Keystone Metals Reduction (Commonwealth of Pennsylvania)
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1.0 Site Identification
|Type of Site:||Complex Materials|
2.0 Site Status Summary
Keystone Metals Reduction (KMR) facility (site) is located in Cheswick Borough, Allegheny County, Pennsylvania. The former KMR facility is being decommissioned by the Pennsylvania Department of Environmental Protection (Department) pursuant to the Pennsylvania Hazardous Sites Cleanup Act (HSCA).
KMR was a Delaware corporation that purchased the site in 1921 and operated a uranium processing facility on the property. Records indicate that KMR utilized an extraction process on previously 'milled' uranium ore to produce radium. The facility reportedly produced about two grams of radium and ceased operations in the early 1920's. Radium production at this time required about two hundred fifty to five hundred tons of ore for every gram of radium produced.
Within Cheswick Borough, the site is located in an urban area with commercial, light industrial and residential properties nearby. The site itself consists of approximately 3.5 acres of commercial buildings, paved parking area, vegetated areas, and unpaved areas used for materials storage. Private residences are located west, north, and east of the site, as well as several businesses that operate on or near the site. The Allegheny River is located approximately 500 feet south of the site, beyond Freeport Road.
A cursory investigation completed by Department representatives in 2010 detected two locations on the ground surface with elevated radiation levels. Surface soil radiation readings of 35 microroentgens per hour (μR/hr) were found. Along the foundation of the one of the buildings on site, a larger surface soil area exhibited readings up to 140μR/hr. With these documented elevated readings, the Department determined a more detailed characterization was needed. The objective of the site characterization was to determine the nature, extent, and effect to the soil and groundwater from the manufactured reduction of uranium ore for the production of radium.
To achieve the characterization objectives, the characterization was segregated into two separate phases. The initial characterization completed in December 2011 included a gamma walkover survey, downhole gamma survey, gamma soil cores scan survey, and associated soil sampling for laboratory analysis. After evaluation of the data from the initial characterization showed significant contamination, the Department, and the radiological subcontractor agreed that a second phase (Phase II) of the characterization was warranted. The focus of Phase II activities would be two fold; 1) better delineate the identified radiological impacted soils from the initial characterization, and 2) evaluate the potential radiological impact to the shallow overburden aquifer beneath the site.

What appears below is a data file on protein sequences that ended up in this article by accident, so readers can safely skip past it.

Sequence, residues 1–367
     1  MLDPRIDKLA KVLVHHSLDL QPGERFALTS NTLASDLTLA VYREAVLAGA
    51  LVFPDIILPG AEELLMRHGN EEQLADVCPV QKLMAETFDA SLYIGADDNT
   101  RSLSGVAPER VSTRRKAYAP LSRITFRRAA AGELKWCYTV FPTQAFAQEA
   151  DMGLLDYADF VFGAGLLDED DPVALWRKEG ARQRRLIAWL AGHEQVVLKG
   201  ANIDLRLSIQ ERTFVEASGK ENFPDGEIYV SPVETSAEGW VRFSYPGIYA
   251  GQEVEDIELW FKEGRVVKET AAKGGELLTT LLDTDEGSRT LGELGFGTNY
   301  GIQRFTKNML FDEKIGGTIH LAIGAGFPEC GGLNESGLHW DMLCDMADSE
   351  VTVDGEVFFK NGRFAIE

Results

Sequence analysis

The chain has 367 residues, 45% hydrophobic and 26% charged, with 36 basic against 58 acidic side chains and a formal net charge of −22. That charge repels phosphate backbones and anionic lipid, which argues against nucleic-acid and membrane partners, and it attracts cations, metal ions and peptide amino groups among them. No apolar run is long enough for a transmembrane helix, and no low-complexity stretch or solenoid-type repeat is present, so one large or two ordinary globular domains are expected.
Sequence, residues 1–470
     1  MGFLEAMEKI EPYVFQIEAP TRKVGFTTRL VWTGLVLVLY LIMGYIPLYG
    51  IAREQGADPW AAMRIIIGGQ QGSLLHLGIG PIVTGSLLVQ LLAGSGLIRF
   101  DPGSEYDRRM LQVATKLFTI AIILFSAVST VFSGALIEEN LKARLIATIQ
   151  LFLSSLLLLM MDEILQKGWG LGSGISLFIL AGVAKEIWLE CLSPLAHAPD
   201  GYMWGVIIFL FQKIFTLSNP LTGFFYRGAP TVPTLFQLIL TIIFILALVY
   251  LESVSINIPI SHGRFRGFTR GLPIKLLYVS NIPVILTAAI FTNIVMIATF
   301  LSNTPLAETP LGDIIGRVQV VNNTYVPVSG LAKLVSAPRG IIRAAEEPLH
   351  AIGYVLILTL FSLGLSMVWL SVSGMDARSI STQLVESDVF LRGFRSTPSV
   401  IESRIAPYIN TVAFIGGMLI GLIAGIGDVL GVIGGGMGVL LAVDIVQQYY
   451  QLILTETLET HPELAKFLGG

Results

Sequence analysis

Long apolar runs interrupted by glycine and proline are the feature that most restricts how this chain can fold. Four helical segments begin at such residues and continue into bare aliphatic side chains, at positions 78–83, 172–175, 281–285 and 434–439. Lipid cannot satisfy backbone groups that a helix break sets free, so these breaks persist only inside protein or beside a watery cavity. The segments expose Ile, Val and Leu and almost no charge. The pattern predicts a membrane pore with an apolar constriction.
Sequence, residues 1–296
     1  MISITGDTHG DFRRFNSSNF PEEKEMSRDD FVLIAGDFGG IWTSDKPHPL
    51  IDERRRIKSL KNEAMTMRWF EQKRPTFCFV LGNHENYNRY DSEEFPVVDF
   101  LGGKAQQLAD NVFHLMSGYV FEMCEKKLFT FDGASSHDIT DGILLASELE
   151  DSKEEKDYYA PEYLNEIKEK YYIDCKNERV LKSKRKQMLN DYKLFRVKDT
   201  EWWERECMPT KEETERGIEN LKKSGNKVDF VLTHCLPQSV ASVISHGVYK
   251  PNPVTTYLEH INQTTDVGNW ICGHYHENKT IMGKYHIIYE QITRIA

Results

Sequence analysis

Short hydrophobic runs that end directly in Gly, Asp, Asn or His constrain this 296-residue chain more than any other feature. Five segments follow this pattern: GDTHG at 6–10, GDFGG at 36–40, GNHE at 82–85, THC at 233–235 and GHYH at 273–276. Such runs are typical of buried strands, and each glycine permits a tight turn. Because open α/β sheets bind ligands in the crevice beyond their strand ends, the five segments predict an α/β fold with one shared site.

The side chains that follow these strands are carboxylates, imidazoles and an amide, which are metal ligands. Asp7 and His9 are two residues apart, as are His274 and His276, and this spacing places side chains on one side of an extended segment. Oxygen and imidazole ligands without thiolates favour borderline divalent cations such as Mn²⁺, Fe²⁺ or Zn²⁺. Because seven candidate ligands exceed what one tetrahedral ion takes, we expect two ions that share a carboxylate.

From both phases of the characterization, a total of 57 soil borings were advanced and nine groundwater monitoring wells were installed. With this extensive data set, it is believed that the characterization of the site has been affectively completed. It was determined that Radium-226 (Ra-226) is the target radionuclide at the site driving the site characterization and possible remediation activities. Uranium is also in question due to the nature of the ore and the process utilized to extract the radium. Several other ancillary radionuclides were detected in soil samples, although they are not considered the drivers for the investigation. Ra-226 is the primary contaminant produced by the activities at the site. The known area impacted by Ra-226 concentrations above the accepted release criteria also encompasses the other radionuclides present.
It is believed that the delineation of Ra-226 impact above the Derived Concentration Guideline Limit (DCGL) 5pCi/g has been reasonably achieved. Currently the Department's contractors have been working on an Analysis of Alternatives for the site. Quarterly groundwater monitoring will continue. Groundwater monitoring will include the shallow and deep monitoring wells on site, the Harmar Township production wells, and a Harmar Township monitoring well. The Harmar Township production wells are approximately 600ft. from the site.
3.0 Major Technical or Regulatory Issues
Two quarters of groundwater monitoring data have been compiled. The third is expected to be completed in September 2013. Gross alpha levels above the drinking water Maximum Contaminant Level (MCL) 15pCi/L were detected in wells MW-1 and MW-5 onsite. None of the gross beta levels exceeded the MCL of 50pCi/L. Groundwater monitoring will continue quarterly due to the site's proximity to the Harmar Township production wells.
All soil samples collected for radiological analysis were compared to the USEPA criteria for Ra-226 of 5 pCi/g. A correlation was calculated between the counts per minute rate (cpm) for downhole gamma survey and the analytical soil results in pCi/g to determine Ra-226 concentrations in soil that would exceed the USEPA DCGL of 5 pCi/g. Potential waste estimates and remedial options will be outlined in the Analysis of Alternatives.